During the 52 minutes that Dalawna Berran-Lett left her 3-year-old twins home alone while she went searching for her teenaged daughter, the little boys managed to ignite the only working burner on their grease-encrusted stove and start a fire from which they could not escape, Allegheny County's top prosecutor said Friday.
District Attorney Stephen A. Zappala Jr. said he approved involuntary manslaughter and other charges against Ms. Berran-Lett, who will be arrested sometime after the boys are buried today. The funeral service for the twins will be held today at 10 a.m. at the Christ Missionary Baptist Church in Homewood.
"They never stood a chance," he said of Ky'heir and Dy'heir Arthur.
Whatever the boys stood on to access the stove in the North Braddock home on Rebecca Avenue near 13th Street was incinerated in the Jan. 4 blaze, Mr. Zappala said.
The grease caught fire over a 15-minute period and the blaze spread and engulfed the wood-frame and Insulbrick house in another 15 minutes, Mr. Zappala said.
The boys were found on different floors. An autopsy showed they died from smoke inhalation and burns.
It was not the first time that the boys had turned on the stove, he said. Relatives told investigators that they had seen the twins play with the stove in the past and prepare their own food. One time, investigators were told, the boys took ribs from the freezer and cooked them on the stove top causing a lot of smoke, Mr. Zappala said.
On the day of the fire, Ms. Berran-Lett told investigators her theory that a pan of grease was sitting on the stove that ignited when the boys tried to cook chicken that was in the refrigerator.
"They are my monkey-see-monkey-do boys," she told a Pittsburgh Post-Gazette reporter. She called her boys a couple of "busybodies."
Mr. Zappala said Ms. Berran-Lett left her house that afternoon to find her 15-year-old daughter, Mariah, who she believed stole a baggie of marijuana from her purse. She said she did not want to bring the boys outside with her to the bus stop to wait for Mariah because "it was too cold outside."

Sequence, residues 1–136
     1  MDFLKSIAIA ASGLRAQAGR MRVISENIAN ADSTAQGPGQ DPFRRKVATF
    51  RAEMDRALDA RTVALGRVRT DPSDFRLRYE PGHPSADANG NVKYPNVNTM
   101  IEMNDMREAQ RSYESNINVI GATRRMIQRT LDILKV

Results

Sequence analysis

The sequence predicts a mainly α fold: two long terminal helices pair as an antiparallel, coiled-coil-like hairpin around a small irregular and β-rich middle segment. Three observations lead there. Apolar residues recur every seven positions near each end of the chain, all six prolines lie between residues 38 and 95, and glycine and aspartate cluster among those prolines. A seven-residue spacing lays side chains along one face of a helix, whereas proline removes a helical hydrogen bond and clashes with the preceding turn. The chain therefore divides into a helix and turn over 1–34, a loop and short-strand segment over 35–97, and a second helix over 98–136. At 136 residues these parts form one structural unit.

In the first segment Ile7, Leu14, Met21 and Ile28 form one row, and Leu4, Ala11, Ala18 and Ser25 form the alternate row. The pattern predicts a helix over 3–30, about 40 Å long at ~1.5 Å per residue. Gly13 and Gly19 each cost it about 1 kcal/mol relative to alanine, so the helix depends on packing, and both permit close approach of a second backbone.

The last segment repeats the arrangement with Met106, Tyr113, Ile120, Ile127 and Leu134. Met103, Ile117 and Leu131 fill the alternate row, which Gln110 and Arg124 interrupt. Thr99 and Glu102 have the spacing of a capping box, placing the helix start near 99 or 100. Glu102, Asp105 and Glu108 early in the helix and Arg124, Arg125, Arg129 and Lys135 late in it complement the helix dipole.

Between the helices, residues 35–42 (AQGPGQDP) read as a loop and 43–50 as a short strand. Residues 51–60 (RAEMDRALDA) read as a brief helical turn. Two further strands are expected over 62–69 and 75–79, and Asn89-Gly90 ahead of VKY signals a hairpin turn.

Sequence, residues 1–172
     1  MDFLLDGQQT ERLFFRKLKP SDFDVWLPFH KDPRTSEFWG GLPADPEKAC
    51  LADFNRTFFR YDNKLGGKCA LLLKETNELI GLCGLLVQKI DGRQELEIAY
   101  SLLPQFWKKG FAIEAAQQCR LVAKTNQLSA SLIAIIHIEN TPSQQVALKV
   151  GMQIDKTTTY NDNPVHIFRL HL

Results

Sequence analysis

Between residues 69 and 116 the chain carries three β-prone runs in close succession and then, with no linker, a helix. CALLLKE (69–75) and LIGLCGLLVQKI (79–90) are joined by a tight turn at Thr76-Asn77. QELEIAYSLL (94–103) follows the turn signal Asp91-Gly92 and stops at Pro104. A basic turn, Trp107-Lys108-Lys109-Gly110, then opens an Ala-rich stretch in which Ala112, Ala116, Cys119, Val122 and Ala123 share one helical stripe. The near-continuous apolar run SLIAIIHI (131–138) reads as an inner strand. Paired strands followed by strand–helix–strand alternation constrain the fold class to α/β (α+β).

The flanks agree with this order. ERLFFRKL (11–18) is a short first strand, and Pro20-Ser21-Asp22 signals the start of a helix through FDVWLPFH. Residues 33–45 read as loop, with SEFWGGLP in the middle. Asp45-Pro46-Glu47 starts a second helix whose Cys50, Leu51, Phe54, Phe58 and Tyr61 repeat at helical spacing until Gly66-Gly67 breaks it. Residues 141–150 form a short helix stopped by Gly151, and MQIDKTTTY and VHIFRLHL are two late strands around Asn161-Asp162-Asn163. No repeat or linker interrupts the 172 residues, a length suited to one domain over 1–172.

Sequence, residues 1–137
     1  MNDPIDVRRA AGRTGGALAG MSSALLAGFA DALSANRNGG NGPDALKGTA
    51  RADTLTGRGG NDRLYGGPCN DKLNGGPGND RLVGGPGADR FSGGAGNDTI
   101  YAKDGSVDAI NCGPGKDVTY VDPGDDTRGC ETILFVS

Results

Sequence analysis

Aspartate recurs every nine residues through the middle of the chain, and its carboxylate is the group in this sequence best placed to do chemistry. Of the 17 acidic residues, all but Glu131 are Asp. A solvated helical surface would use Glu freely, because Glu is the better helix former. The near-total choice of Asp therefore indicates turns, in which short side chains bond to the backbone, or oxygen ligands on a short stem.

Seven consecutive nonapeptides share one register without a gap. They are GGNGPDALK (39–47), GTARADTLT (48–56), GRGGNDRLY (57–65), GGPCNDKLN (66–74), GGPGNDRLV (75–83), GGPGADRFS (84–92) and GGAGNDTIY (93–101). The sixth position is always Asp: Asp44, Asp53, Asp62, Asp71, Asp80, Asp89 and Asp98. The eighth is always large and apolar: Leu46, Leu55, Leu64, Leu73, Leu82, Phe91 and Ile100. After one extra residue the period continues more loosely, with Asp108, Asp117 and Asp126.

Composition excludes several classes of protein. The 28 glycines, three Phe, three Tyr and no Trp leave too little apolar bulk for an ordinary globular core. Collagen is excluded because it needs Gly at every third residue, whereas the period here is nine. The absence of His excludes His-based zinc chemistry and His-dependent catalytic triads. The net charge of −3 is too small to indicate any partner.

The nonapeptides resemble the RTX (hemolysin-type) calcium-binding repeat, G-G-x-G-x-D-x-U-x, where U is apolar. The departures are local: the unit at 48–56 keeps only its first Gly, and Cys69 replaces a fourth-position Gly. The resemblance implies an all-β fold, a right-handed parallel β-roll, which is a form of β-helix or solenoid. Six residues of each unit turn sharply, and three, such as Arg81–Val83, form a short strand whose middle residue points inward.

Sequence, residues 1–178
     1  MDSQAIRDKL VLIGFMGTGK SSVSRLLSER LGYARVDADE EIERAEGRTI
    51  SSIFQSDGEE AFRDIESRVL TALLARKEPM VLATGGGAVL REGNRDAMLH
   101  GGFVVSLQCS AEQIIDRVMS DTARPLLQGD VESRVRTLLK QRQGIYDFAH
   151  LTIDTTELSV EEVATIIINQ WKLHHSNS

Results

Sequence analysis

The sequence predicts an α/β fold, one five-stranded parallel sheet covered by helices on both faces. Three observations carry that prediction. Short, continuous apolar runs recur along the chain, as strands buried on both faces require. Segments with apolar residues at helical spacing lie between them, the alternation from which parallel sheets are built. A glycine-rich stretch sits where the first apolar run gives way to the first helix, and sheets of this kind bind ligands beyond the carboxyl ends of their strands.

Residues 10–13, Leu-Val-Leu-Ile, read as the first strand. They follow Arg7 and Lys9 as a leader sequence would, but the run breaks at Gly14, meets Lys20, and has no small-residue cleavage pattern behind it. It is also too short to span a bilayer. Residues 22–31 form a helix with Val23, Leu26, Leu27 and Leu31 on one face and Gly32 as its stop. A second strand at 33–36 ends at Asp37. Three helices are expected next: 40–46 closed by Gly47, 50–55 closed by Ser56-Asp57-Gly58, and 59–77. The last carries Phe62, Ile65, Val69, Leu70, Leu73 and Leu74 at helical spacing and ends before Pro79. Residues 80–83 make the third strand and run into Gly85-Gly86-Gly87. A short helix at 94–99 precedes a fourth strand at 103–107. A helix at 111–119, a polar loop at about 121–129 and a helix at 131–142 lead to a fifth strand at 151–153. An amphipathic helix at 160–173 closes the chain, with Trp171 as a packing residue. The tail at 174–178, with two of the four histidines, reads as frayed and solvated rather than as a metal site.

By the time Ms. Berran-Lett got home, her rental house was in flames and surrounded by firefighters. Her daughter was standing outside.
Mr. Zappala said that the stove had been issued a red tag by the gas company indicating that some sort of malfunction needed to be fixed. But he said the utility company and the building's maintenance man said the problem was not so dangerous that the stove should have been shut off.
Court records show that Ms. Berran-Lett was charged by Pittsburgh police in 2005 with endangering the welfare of children. The charge was dismissed.
Ms. Berran-Lett could not be reached for comment on her pending arrest, but a friend, Deanna Robinson, said Ms. Berran-Lett was shocked and devastated after she learned Friday evening that she would be charged. Ms. Berran-Lett, she said, does not have legal representation because she didn't know she would need it, and has been overwhelmed by the loss of her children. Her 15-year-old daughter ran away on Wednesday as well, adding to her grief and worry, Mrs. Robinson said.
"Justice for the children and salvation for her is very important at this point," said Mrs. Robinson, whose husband, Odell, is handling the boys' funeral arrangements at his funeral home on the North Side. "I really think she has gone through a tremendous amount of stress, post-traumatic stress, regret and remorse, and on top of that, the loss of two babies."
Ms. Berran-Lett has been extremely forthcoming and cooperative with authorities since the fire, but she also is scared, lonely, isolated and grieving, Mrs. Robinson said. She and her husband encouraged Ms. Berran-Lett not to miss her sons' funeral, even though she will be arrested.
"I told her, 'We will cross that bridge with you when it comes,' " Mrs. Robinson said. "She's a beautiful human being and none of us is invincible, none of us is flawless."